Colored glass has its origins in ancient Egypt and Rome. It has been an instrumental architectural element in Catholic churches for centuries, bridging the gap between Earth and heaven with colorful illustrations of the bible and the lives of saints.
Susan Kelly (no relation) makes colorful abstracted glass art into 3-D sculpted pieces by fusing it in an oven and more traditional two-dimensional work with more traditional stained-glass techniques. Living most of her adult life in the Groveville and Hamilton Square sections of Hamilton, Kelly’s graphic design background is apparent in her solid glass designs and bright colors.
What media do you work in and why?
My favorite media to work in is glass. I make stained glass panels, sculptures, wall art and fused glass functional art. Many people assume that glass art is blown glass, but glass is a very diversified medium.
How does you work as a graphic designer figure into your glass artwork?
Composition is an integral part of my art, as both a graphic designer and glass artist. I use software such as Glass Eye, a program specifically made for stained glass design, and Adobe Illustrator to turn my ideas into patterns. My experience and adeptness using these programs enables me to adjust the design where necessary to meet the parameters of the engineering and the installation of the piece.
What fight/struggle do you have regarding your art?
One of the biggest struggles I face regarding my art is the cost of supplies. Glass is a very expensive medium, and costs keep rising. I am very lucky to live within driving distance of a large supply house as shipping costs are astronomical.
Walk us through your process.
Much of my work is commission-based, so the client already has a need. My artistic process starts when I have a conversation and possibly a site visit, with the client about what they are looking for and what they intend to do with the piece. I then explain my process, the time involved and set the expectations.
The next step of my process is to let ideas bounce around in my head, sometimes for several days, until I have built the piece in my mind. During visualization, I always start with the final product and work backwards. Working the project from the endpoint allows for the engineering aspects to be included into the design. A lovely piece of glass art will be of no use if it is not built correctly.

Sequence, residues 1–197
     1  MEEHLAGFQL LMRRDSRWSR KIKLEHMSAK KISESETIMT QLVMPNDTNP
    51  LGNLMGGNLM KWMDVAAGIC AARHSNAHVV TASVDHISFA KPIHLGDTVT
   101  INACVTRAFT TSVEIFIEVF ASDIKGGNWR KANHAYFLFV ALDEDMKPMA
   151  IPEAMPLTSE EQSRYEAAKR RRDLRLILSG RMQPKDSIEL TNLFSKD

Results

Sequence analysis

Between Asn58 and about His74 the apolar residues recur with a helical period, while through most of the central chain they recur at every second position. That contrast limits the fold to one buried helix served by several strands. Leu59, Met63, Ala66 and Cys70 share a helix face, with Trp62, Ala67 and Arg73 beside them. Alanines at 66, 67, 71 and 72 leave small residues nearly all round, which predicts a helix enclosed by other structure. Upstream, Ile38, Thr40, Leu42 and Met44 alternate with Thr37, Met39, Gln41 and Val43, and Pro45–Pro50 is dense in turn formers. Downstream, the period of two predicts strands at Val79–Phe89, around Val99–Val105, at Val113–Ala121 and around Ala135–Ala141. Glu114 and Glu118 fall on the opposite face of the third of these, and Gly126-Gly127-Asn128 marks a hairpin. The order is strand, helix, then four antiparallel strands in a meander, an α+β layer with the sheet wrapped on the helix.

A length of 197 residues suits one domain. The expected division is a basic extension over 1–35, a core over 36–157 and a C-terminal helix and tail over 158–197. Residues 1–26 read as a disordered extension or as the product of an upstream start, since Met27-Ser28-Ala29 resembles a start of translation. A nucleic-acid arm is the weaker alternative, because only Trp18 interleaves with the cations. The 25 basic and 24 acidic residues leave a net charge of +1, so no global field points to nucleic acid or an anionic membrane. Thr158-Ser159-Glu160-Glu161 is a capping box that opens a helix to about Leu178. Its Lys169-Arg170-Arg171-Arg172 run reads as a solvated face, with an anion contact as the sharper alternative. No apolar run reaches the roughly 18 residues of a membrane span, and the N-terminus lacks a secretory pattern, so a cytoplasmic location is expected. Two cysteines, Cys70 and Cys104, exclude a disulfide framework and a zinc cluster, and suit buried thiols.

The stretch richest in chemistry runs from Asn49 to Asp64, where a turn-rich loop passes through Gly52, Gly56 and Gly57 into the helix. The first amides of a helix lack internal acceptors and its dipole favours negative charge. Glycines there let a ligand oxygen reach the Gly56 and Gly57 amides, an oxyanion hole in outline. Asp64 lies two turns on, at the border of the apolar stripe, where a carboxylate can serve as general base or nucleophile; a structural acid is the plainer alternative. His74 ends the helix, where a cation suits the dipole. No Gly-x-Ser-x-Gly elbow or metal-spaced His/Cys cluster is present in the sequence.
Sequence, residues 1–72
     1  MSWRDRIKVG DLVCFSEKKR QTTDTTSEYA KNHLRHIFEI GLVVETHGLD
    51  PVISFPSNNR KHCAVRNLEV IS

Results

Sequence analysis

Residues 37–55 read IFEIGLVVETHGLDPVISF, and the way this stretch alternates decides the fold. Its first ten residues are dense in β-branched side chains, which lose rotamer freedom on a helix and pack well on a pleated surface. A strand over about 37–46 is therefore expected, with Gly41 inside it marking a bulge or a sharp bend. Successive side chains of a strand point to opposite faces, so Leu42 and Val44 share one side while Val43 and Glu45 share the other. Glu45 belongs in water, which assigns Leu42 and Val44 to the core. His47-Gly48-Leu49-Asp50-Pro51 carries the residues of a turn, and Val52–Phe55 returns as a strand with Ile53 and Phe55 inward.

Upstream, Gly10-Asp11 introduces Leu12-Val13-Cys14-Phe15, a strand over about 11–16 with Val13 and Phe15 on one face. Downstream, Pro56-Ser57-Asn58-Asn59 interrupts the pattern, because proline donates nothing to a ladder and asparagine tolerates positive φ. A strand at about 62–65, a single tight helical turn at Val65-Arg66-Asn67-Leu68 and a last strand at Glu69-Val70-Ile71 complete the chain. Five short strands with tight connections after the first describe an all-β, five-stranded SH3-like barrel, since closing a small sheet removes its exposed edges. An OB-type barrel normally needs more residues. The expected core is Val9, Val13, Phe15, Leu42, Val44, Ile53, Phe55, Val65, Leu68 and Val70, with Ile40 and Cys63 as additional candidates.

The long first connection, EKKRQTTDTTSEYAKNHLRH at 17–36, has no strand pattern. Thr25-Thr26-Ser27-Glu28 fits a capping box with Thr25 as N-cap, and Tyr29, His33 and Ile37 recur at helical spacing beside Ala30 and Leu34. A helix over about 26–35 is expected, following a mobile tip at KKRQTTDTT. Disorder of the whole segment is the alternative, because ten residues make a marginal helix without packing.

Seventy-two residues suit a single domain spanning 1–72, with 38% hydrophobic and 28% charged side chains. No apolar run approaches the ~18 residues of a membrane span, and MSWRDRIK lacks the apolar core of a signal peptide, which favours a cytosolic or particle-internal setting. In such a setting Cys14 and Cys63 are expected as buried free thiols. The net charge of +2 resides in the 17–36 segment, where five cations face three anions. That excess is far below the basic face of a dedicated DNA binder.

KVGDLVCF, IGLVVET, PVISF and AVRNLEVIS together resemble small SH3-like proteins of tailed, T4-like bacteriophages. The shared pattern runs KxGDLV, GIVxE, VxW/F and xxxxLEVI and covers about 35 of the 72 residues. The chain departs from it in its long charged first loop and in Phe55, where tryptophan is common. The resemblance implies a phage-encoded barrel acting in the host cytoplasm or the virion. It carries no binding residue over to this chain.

Now that I have an idea of what it will look like and how to build it, I make a rough drawing, determine the cost of the materials, and estimate the time it will take me to make it. Following the timeline that I set during the client conversation, I make a presentation of the design to the client to discuss any changes and get approval to begin.
Delivering the art is usually bittersweet. While it makes me happy to have created something that the client loves, it is sometimes difficult to part with a creation that formerly had no existence. Whenever possible, I build a few days into the timeline so I can “live” with the art before it goes to its new home. My heart genuinely sings when the client sees their art in person and is overwhelmed by the fact that I interpreted their vision beautifully.
How do you decide which colors or shapes to use in your work?
I let the colors and shapes of the glass determine the direction of the piece. For example, I use what is called ‘head glass’ in many of my pieces. Head glass is the first part of the glass that comes through the rollers during manufacturing. Head glass is beautifully misshapen, crimped and rolled over. I might look at a piece of head glass and see a mountain or an ocean or an arrowhead, then I let the glass guide me where it wants to go.
Where is your studio and do you work with others in collaboration?
I have taken over the living room of my home as my office, and my studio is in the basement. My space is bright with worktables, equipment and colorful glass all around me. It is always clean and organized at the beginning of a project, and a wonderful, chaotic mess during the project. I often have several projects going on at once, so my studio space has spilled over into other parts of the basement, forcing my family to carefully weave through makeshift tables and such. I love it!
Where did you learn to work with glass?
I became infatuated with glass at a very young age. I was 7 or 8 years old when we lived across the street from a stained glass studio, Pyramid Stained Glass, in New Egypt. I used to visit every chance I got, and once drew a Snoopy cartoon for the artist/owner, Woody Miller. Woody showed me how to turn the drawing into a pattern and cut the glass for me, and I helped him solder it together. I interned at the studio when I was in high school, designing projects and learning all that I could in between school and sports. There was a revival of the stained-glass movement in the early 1980s and Pyramid has some large commercial projects that I was a part of.
Where can we see your work?
Examples of my glass art can be found on my website, Instagram and Facebook. While I will continue doing commission-based work, I am currently building a line of functional art, and a line for galleries and art shows.
What is on the horizon?
I am looking forward to expanding my business into boutique stores and art galleries, and converting my website into a retail site. I will be taking advantage of the learning and networking opportunities at the Stained Glass Expo in Las Vegas in March; I hope to teach a class or two there in the future. Lately, I have been craving collaboration in an artistic network, so I plan on joining some local organizations and initiatives.
Facebook, Instagram and LinkedIn: @SuziQartGlass.